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Exposure

PCDFs are found at very low levels in the environment of industrial countries and at even lower levels in non industrial countries. People are exposed to very small levels of PCDFs by breathing air, drinking water, and eating food, but most human exposure comes from food containing PCDFs. The levels of PCDFs in air are usually higher in city and suburb areas than in rural areas.

PCDFs are not found in soils that have not been polluted. PCDFs have been detected in the stack emissions and ash from certain industries and processes that are sources of these compounds in air at levels that are thousands of times higher than the levels in the air that people usually breathe. Once emitted in the air from stacks, furans are dispersed by the cleaner air and the level of PCDFs drops substantially. Similarly, the concentrations of PCDFs in waste waters from certain industries and in soil at dumpsites can be thousands to millions times higher than the levels found in clean water and soil.

Since PCDFs tend to concentrate in the fat, and milk contains fat, mother’s milk can be a source of PCDFs for babies. But considering the small amounts of PCDFs in milk and the other beneficial effects of human milk to a baby and the length of time a baby uses mother’s milk, scientists believe that mother’s milk, on balance, is still beneficial to babies. Cow’s milk and formula usually contain lower amounts of PCDFs than human milk.

Children playing in dumpsites may come in contact with furans through their skin and by eating dirt. It has been estimated that over 90% of the total daily intake of PCDFs for the general adult population occurs from eating food containing them. The rest comes from air, consumer products, and drinking water. Meat and meat products, fish and fish products, and milk and milk products contribute equally to intake of PCDFs from food, while intake from vegetable products contributes much less. Eating large amounts of fatty fish from water contaminated by PCDFs may increase one’s daily intake from food.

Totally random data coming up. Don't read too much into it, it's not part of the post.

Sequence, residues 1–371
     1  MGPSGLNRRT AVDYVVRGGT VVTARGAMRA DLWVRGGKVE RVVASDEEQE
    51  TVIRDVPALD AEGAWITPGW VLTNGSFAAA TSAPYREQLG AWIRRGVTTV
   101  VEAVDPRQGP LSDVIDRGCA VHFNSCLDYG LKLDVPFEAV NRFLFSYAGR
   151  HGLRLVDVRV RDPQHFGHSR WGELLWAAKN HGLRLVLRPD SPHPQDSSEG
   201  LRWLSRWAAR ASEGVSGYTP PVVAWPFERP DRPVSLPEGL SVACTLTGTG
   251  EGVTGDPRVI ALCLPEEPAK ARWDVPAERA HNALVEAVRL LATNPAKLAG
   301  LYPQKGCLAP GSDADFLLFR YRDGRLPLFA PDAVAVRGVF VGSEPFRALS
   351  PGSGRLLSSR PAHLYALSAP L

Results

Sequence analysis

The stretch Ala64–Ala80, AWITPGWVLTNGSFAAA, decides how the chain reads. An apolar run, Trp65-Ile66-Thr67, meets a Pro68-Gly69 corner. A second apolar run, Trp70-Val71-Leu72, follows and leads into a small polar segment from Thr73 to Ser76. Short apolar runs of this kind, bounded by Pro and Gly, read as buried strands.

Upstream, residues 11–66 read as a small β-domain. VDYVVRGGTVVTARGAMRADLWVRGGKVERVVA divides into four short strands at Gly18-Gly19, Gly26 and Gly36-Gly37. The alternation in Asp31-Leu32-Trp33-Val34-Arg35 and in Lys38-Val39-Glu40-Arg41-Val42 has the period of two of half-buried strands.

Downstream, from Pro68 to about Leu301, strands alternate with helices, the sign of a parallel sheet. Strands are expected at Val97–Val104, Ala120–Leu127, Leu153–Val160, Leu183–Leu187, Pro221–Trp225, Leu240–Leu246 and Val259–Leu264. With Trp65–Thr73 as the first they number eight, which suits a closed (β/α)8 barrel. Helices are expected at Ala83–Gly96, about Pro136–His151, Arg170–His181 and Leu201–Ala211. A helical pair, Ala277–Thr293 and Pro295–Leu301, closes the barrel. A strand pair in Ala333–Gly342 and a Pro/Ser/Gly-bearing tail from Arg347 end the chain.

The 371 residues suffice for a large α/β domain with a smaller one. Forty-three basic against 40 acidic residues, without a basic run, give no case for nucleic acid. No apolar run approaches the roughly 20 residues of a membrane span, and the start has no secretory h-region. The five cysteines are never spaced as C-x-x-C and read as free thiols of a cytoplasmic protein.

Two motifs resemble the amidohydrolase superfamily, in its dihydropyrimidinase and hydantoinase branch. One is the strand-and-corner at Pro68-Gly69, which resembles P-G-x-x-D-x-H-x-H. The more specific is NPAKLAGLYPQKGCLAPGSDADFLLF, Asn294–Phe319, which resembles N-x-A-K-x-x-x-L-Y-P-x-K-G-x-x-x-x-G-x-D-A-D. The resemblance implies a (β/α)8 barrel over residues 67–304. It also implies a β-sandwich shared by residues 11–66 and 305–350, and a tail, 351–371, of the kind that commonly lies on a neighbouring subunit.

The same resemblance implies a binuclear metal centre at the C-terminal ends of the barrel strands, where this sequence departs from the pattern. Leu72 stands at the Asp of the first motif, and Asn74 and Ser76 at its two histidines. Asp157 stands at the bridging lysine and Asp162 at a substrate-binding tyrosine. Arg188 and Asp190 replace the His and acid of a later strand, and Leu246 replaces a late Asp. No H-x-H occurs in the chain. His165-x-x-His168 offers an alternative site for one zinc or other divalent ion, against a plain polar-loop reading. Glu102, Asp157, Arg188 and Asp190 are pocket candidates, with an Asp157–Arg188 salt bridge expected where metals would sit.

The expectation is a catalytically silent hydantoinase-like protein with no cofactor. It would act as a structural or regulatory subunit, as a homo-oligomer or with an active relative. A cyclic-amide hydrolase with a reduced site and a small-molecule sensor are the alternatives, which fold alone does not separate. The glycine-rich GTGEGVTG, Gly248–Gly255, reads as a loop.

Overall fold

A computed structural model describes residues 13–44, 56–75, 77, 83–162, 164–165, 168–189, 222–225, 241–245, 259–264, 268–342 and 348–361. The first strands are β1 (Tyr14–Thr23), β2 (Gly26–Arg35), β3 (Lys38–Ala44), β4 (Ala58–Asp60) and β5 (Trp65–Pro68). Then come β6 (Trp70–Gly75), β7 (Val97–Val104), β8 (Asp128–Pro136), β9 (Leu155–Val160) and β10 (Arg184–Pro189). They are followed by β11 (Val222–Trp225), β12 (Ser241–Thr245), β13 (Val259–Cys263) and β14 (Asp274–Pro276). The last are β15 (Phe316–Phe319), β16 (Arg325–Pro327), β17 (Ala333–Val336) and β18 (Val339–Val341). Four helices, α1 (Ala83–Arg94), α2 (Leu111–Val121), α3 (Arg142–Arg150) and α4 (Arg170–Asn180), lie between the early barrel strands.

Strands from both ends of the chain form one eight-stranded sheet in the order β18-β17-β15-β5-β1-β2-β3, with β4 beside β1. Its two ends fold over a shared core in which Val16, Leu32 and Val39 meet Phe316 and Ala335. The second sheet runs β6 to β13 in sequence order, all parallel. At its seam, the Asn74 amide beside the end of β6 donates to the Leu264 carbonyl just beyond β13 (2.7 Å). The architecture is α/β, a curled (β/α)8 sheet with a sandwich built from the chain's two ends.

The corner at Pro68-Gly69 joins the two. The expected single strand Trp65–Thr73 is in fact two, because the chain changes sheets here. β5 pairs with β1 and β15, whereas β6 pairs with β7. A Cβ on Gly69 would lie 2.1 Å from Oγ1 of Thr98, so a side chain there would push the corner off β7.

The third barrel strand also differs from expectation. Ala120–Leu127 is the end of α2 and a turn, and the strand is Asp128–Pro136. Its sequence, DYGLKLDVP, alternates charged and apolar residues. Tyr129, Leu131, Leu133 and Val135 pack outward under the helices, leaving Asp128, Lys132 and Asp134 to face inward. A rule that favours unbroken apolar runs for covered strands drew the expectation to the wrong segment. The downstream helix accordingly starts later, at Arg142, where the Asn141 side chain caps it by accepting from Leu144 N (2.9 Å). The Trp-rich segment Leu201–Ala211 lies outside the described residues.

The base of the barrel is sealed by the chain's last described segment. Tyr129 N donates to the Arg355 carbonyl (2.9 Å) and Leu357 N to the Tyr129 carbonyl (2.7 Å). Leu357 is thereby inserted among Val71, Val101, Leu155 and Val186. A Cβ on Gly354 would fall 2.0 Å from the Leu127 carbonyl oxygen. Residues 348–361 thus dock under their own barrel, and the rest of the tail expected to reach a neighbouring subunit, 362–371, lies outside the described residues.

People in certain occupations may be exposed to higher levels of PCDFs than the general population. Exposure in the workplace occurs mostly by breathing air and touching substances that contain PCDFs. Workers involved with cleaning up after transformer fires, workers in the pulp and paper mill industry, workers in municipal incinerators, and workers in sawmills may be exposed to higher levels of furans than the general population. Contact with PCDFs at hazardous waste sites can happen when workers breathe air or touch soil containing PCDFs.

NOTE! PREVENT DISPERSION OF DUST! STRICT HYGIENE!General First Aid: IN ALL CASES CONSULT A DOCTOR!
Route of ExposureSymptomsFirst Aid
InhalationChloracne. Symptoms may be delayed.Fresh air rest. Refer for medical attention.
SkinMAY BE ABSORBED! Redness. Pain. (See Inhalation).Remove contaminated clothes. Rinse and then wash skin with water and soap. Refer for medical attention.
EyesRedness. Pain.First rinse with plenty of water for several minutes (remove contact lenses if easily possible) then take to a doctor.
Ingestion(See Inhalation).Give a slurry of activated charcoal in water to drink. Induce vomiting (ONLY IN CONSCIOUS PERSONS!). Refer for medical attention.

Notes for ICSC Information:  This chemical is only produced for research purposes but could be generated as a by-product from chemical processes or fires.

 


Structure formula of 2,3,7,8-Tetrachlorodibenzo-furan